Twitter is pushing back against claims made by conservative activist group Project Veritas that its employees monitor private user data, including direct messages. In a statement to media outlets, it said “We do not proactively review DMs. Period. A limited number of employees have access to such information, for legitimate work purposes, and we enforce strict access protocols for those employees.”
Earlier this week, Project Veritas, which produces undercover sting operations that purportedly expose liberal biases at media companies and other organizations, posted footage that appeared to show Twitter engineers claiming that teams of employees look at users’ private data. One engineer seemed to say that Twitter can hand over President Donald Trump’s data, including deleted tweets and direct messages, to the Department of Justice.
Twitter already issued a statement after the video posted saying it “only responds to valid legal requests, and does not share any user information with law enforcement without such a request.”
The company also said the Twitter employees shown in the video “were speaking in a personal capacity and do not represent or speak for Twitter” and added that “we deplore the deceptive and underhanded tactics by which this footage was obtained and selectively edited to fit a pre-determined narrative. Twitter is committed to enforcing our rules without bias and empowering every voice on our platform, in accordance with the Twitter Rules.”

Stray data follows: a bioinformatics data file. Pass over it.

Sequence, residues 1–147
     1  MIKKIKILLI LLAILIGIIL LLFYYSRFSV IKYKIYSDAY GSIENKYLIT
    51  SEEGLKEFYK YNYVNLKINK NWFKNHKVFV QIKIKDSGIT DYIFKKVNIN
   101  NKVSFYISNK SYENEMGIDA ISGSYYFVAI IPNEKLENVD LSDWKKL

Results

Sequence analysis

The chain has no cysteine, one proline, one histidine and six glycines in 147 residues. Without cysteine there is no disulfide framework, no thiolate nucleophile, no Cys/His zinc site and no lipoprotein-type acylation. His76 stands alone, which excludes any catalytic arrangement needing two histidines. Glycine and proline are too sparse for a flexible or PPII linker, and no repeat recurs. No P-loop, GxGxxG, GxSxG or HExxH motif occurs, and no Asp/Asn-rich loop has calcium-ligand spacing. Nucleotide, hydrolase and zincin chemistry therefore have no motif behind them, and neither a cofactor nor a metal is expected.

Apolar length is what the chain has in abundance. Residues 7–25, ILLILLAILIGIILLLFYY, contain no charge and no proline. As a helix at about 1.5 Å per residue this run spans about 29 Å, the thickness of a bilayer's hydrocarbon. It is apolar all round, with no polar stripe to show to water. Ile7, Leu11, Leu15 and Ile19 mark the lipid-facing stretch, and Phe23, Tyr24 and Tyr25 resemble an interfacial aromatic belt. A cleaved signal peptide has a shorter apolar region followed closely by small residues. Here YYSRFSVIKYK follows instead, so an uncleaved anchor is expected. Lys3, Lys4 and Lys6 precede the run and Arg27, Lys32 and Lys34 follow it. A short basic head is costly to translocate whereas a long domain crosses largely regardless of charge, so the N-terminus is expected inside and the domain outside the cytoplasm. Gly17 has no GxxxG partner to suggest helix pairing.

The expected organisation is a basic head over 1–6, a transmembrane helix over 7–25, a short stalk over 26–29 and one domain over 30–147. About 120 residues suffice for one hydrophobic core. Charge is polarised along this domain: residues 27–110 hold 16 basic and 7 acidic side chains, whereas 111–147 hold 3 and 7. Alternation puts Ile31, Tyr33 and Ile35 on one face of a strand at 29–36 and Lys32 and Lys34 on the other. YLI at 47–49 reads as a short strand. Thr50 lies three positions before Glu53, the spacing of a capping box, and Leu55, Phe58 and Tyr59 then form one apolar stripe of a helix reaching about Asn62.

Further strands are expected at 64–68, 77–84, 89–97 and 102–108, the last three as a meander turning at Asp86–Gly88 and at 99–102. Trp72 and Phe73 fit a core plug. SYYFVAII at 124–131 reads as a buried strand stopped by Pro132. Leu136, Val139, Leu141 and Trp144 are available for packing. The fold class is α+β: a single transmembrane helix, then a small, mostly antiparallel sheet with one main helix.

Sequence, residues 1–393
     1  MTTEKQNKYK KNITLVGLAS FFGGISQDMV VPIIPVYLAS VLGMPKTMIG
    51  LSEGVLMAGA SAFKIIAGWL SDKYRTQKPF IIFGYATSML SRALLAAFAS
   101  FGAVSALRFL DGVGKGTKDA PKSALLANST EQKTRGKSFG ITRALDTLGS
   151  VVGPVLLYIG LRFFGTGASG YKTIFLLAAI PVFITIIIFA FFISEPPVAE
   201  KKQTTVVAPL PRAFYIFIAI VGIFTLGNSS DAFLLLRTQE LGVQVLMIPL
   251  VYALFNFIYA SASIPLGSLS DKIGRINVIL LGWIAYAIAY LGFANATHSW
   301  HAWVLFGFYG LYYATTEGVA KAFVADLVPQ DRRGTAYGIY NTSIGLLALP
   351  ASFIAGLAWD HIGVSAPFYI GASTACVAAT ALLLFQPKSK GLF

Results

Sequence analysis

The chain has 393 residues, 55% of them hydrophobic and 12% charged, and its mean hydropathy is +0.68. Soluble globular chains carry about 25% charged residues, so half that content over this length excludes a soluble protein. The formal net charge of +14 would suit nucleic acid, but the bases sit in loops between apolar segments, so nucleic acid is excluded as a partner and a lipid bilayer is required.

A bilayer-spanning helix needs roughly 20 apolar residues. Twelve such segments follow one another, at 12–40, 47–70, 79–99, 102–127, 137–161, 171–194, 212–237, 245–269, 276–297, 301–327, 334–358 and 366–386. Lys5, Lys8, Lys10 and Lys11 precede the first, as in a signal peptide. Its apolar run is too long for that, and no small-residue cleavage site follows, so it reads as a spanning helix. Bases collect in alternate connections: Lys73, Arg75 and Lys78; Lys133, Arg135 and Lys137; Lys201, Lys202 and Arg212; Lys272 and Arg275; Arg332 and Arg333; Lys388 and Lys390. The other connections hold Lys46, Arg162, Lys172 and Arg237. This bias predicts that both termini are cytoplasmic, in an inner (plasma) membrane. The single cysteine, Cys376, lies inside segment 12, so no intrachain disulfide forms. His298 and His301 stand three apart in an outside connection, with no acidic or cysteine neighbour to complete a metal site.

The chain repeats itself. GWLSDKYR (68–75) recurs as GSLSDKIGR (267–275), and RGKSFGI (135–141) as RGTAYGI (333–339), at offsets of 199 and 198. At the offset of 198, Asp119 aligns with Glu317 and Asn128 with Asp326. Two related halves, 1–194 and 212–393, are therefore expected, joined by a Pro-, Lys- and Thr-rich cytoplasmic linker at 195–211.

Project Veritas has been called out for using unethical and deceitful methods in its investigations, most notably when it tried to trick the Washington Post into publishing a fake story about Roy Moore, who was then battling sexual misconduct allegations during his run for U.S. Senate, in an attempt to discredit the newspaper.
Twitter breaks down the number of legal requests it receives and responds by country to in its biannual transparency report. From January 1 and June 30, 2017, its most recent period reported, Twitter says it received 2,111 government information requests in the United States and produced at least some information for 77% of them.
Because of the sheer number of tweets, Twitter relies mostly on its anti-abuse algorithms to automate moderation work, including banning accounts and muting harassment. Twitter claims its tools are working, but the platform has also been hit with accusations of bias from all sides of the ideological spectrum. For example, late last year it enacted new safeguards after a contractor temporarily deactivated Trump’s account, but not before conservative commentators took the opportunity to claim it proved Twitter’s bias against the president.
Some conservatives and Trump supporters also complained after Twitter revised its verification policy and removed the blue checkmark from some white supremacists’ accounts, claiming they were unfairly targeted. But liberals have also strongly criticized Twitter because it refuses to take action against Trump’s account, even though they say it breaks the platform’s own rules against hate speech and incitements to violence.
TechCrunch has contacted Twitter for comment.